Reading and studying scripture is no problem for me; I eat it right up. And I’ve noticed that when Paul wrote his epistles, he would even include prayers in them. The man thought of everything. I would never think to write out a prayer for someone in a letter. But how blessed those people must have felt when they read them. They were also the kind of prayers with some meat to them because most of the time he prayed for their spiritual maturity or to know Christ more.

ex cu woman prayingIt’s been said that the first step in solving a problem is admitting you have one. Well, here I am—God and everyone can know right here. (Okay, God already knew.) I’m thinking the solution must be somewhere in his Word.

Given my own way, I tend to complicate things. However, God’s ideas are usually simple ones. So what, do I ask, does he have to say to me about improving this area of my life? (Even Christ’s disciples implored him, “Teach us to pray.”)

What occurs to me first is what most people refer to as the Lord’s Prayer. The model prayer Jesus gave his disciples would be better called This Particular Disciple’s Prayer.

First, I worship and acknowledge the Lord for who he is. Next, I pray that his will—not mine—is done in all things. (By the way, if I truly want to pray God’s will, acknowledging who he is right off is pretty important. Honest worship takes the focus off me.) Then, I pray for only today’s needs because “tomorrow will worry about itself.” (Matthew 6:34) Acknowledging his forgiveness to me and praying for the willingness to forgive others as I’m forgiven is what I take up next with God. Then, because evil is everywhere, I pray to be delivered from temptation.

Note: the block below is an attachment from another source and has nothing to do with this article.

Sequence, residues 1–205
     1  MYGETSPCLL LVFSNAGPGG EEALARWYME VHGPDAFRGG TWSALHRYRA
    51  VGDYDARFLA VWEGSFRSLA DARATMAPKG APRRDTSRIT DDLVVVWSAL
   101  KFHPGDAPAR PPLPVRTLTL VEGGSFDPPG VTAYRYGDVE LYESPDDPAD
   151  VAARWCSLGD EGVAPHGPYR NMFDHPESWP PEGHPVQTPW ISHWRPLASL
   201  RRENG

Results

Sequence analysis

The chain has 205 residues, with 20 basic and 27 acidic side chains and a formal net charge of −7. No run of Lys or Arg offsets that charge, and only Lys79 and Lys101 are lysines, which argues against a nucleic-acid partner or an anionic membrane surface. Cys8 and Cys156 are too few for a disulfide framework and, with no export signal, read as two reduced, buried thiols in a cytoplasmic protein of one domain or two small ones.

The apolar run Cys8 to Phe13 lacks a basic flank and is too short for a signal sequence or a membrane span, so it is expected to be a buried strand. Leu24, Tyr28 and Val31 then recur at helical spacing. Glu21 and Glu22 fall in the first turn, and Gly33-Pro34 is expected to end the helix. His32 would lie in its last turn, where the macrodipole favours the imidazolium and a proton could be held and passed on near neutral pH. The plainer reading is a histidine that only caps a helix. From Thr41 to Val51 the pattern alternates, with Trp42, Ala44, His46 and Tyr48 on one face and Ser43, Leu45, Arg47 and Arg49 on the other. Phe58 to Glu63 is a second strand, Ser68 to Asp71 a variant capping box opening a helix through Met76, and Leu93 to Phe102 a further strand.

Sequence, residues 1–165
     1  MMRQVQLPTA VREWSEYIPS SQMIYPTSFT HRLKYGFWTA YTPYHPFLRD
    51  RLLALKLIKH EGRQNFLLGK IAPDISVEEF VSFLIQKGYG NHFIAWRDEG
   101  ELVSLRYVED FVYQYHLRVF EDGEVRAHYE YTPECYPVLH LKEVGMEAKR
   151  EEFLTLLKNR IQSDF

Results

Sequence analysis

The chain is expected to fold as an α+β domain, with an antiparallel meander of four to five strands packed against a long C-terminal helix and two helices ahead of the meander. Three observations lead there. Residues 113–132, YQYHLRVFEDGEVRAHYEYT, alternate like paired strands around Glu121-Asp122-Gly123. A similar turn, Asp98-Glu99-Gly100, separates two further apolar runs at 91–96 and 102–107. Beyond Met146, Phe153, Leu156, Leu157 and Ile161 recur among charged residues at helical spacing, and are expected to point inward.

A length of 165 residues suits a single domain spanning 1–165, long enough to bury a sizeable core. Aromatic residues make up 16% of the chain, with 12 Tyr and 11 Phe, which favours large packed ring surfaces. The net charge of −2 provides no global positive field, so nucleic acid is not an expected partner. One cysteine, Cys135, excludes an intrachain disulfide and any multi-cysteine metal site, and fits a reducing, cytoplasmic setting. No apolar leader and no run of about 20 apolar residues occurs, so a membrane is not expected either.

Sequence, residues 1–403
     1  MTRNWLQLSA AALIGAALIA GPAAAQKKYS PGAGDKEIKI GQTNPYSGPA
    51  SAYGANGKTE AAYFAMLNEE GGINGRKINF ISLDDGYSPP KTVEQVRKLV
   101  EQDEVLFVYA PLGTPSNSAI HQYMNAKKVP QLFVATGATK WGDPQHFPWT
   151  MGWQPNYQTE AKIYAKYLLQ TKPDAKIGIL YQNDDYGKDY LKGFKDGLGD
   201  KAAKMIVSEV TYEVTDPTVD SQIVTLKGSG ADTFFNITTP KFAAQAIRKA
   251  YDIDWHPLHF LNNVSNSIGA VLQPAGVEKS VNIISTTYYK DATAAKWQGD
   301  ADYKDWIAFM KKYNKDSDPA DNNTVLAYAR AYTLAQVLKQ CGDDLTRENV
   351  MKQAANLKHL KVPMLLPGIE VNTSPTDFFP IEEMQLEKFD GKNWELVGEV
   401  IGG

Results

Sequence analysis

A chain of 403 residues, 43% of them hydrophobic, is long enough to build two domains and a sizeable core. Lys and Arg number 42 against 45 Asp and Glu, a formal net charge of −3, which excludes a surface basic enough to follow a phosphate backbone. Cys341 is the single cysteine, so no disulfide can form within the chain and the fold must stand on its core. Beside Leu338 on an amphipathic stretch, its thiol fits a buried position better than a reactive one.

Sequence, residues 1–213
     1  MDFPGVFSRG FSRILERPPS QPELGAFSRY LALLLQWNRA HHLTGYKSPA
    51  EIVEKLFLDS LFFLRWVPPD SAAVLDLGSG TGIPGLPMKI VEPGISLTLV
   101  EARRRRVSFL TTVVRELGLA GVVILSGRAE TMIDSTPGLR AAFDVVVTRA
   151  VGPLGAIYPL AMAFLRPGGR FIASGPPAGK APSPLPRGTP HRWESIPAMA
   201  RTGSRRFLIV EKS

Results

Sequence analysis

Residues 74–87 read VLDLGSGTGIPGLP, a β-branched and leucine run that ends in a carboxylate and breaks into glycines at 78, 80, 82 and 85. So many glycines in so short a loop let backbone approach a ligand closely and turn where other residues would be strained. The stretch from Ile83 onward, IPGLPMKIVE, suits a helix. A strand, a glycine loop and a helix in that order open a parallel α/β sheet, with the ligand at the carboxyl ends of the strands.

Some folks might ask, “What about praying for others’ needs and what about this or that or that other thing?” Good call. I agree that we are to stand strong; put on our armor. Pray for others—believers and unbelievers alike. Those we love. Our enemies as well. That’s scriptural too.

I’m just saying that this simple model Christ offers is a great start for someone like me, who sometimes can’t string two coherent thoughts together even when I’m NOT praying. And though I’m admitting my general frustration, I also know that the words don’t matter as much as the fellowship we have with our heavenly Father. (If you’re not the spider monkey type, maybe you don’t relate to this at all. But we all have distractions in our lives and I think “intruders” happen more often than we like to admit.)

So I’m hoping that in this writing effort, I was maybe a little bit encouraging. I hope I said something God might offer as a solution to a problem. If not, I pray to do better next time. And, hey, while I’m at it…

Lord, you know all things. You know me better than I know myself. I am a scatterbrain sometimes. When I sit down to enjoy prayer time with you and meet you to meditate on your word, help me to focus on only our time together. Help me to clear the clutter from my mind and heart as I would clear the clutter from my home. Please also help all those who come to you today to lean in to you and trust you. Allow them to know that you hear their prayers. Remind us that your Spirit speaks for us when we don’t know how to pray and that your Son is always interceding on our behalf. Thank you for your mercy and love. In Christ’s name, amen.